Microsoft Retools WPF Open Source Effort After Negative Feedback
After a GitHub survey about its .NET open source efforts yielded negative feedback, Microsoft is retooling its efforts for the most problematic repo, Windows Presentation Foundation (WPF).
Microsoft published a new roadmap for WPF and is "working on staffing and tooling to be able to take PRs," said Sam Spencer, program manager for the .NET Core team, in a Sept. 29 blog post detailing the survey results.
WPF is a .NET Core UI framework for creating Windows desktop applications, open sourced back in 2018 along with Windows Forms and Windows UI XAML Library (WinUI).
Spencer explained the GitHub survey was conducted earlier this year to gauge user satisfaction with the company's open source efforts for several repos, ranging from ASP.NET Core to machine learning to the desktop components, WPF and WinForms.
"WPF was the main outlier for satisfaction," Spencer said. "Drilling into the comments, the main concern was that PRs [pull requests] and issues were not being addressed by the maintainers and there was a lack of clarity on if and when they would be. Internally the WPF team was not sufficiently staffed and did not have the test infrastructure in place to be able to respond to the community contributions."
"The WPF team appreciates the feedback, and published an updated roadmap and community contribution guidelines to increase transparency with the community back in July," Spencer continued. "The team is still focused on finishing up .NET 5.0 as per the published roadmap and will share updates on the plan for increasing community engagement on PRs and issues early in the .NET 6.0 release."
The staffing issue, however, faces one big problem: a global health crisis.
That new roadmap explains: "Our team's management has approved additional resourcing needs for this project. However, the global COVID-19 pandemic has caused hiring to be slower than usual. With the available resources on the current team, the roadmap above is what we are committed to getting scheduled and done in the foreseeable future. Stay tuned for schedule and/or investment updates as soon as we are able to actively expand resourcing for our team."
In addition, other parts of the roadmap include an SLA (service-level agreement) and commitments for:
- Better handling of GitHub issues: "We are committed to a 72 hour (3 working days) turn around on triaging and responding to new issues filed on Github."
- Better evaluation of pull requests: "We will begin merging contributions from the community on the WPF repo by picking 1-2 PRs from the community to manually test and integrate per month. When the test infrastructure work is completed we will enable broader community pull request merging. This is our team's commitment until our resourcing for WPF ramps-up."
- New WPF segments in existing WinUI community calls held once every two months
The survey revealed more positive feedback about "inclusion and welcoming-ness," a sore spot for many open source projects where community contributors complain of negative interactions.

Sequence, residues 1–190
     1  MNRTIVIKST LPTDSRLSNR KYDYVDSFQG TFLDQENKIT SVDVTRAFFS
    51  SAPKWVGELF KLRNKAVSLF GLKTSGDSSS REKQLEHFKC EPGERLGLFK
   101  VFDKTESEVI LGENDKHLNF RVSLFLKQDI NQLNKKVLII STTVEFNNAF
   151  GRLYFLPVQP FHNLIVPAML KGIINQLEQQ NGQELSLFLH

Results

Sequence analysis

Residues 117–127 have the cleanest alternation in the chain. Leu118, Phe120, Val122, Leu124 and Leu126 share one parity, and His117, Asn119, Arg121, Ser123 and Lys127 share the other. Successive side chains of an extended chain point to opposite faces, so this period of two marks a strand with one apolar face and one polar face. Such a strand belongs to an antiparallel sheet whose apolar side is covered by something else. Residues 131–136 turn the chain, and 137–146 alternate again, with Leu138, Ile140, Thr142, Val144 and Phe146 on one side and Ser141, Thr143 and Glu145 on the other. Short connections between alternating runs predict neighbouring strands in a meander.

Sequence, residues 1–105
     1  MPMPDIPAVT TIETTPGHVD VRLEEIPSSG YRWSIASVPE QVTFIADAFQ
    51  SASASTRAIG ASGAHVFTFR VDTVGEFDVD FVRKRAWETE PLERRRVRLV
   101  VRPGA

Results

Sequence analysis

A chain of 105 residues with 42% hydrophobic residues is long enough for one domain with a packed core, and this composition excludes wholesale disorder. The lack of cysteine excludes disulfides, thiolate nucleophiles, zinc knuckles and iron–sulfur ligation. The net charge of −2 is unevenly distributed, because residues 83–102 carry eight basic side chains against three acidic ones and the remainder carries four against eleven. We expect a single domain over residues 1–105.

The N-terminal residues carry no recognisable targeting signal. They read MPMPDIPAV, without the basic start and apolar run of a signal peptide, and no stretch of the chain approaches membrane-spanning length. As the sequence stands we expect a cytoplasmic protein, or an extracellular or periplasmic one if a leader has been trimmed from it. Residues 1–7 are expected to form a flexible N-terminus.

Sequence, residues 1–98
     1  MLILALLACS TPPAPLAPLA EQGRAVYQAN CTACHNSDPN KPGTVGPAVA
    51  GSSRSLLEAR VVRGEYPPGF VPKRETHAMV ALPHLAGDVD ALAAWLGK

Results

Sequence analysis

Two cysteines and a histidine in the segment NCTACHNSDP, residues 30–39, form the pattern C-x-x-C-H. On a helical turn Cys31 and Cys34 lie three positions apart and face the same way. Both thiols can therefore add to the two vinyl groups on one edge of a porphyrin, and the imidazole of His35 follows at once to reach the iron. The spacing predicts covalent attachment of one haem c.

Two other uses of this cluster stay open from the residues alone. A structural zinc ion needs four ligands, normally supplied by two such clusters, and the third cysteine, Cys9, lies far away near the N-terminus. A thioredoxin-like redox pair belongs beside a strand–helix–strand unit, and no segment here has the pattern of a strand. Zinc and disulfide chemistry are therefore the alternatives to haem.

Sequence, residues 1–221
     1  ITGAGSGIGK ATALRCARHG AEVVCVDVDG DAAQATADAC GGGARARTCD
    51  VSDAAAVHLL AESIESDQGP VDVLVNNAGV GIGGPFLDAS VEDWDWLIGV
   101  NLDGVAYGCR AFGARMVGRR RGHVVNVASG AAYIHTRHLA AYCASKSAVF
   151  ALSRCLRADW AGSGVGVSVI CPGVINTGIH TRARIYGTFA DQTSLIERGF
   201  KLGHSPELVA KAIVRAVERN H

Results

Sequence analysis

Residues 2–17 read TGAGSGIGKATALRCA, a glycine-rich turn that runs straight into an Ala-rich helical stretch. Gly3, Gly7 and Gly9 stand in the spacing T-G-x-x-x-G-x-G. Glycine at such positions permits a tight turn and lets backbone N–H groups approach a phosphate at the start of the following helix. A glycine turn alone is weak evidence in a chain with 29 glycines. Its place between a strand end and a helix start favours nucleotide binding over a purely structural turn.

"We want .NET to feel welcoming to everybody, and provide a community where people can discuss ideas and problems in a respectful and collaborative way," Spencer said. "Thankfully, it seems that most people feel welcome and included."
However, as the above graphics show, WPF fares more poorly than other repos in those categories -- especially on the welcoming side -- and Spencer noted, "there is still work to do" on those fronts.
In addition to the WPF roadmap, staffing efforts and PR triaging, another action item detailed by Spencer is "Tooling to make it easier to setup your local or a cloud environment to be able to clone, build, run tests and debug the code from the .NET repos. We will also continue to incrementally improve the experience of building, debugging and testing in the repos."
However, several developers weighed in with even more negative feedback in the comments section of Spencer's post, with one comment posted today (Sept. 30) reading:
The results on WPF repo is very well deserved. Even now the feedback towards the community is a disaster. Most issues remain unanswered and uncommented for more than 3 weeks, some of them for a few months. The rest of the issues are only tagged with "bug" or "suggestion". Same for PRs.
We heard a couple of times in interviews that WPF team were busy and WPF team have now dedicated working hours just for tagging and reviewing PRs (well, where are they?! Where are the reviews on community PRs? Where are the comments on community issues?)
Unlike the runtime repo the WPF repo behaves like there is NO interest into this "open source". Instead of taking the advantage to let the community help it goes into the .NET Framework direction of "No, its not dead. No, we are still working on it." and I bet unofficial WPF is dead already and just lays there until WinUI becomes any usable which will take 3 years at least.
It's a shame, really. Winforms repo is so much better, even though WPF is more used.
David Ramel is an editor and writer for Converge360.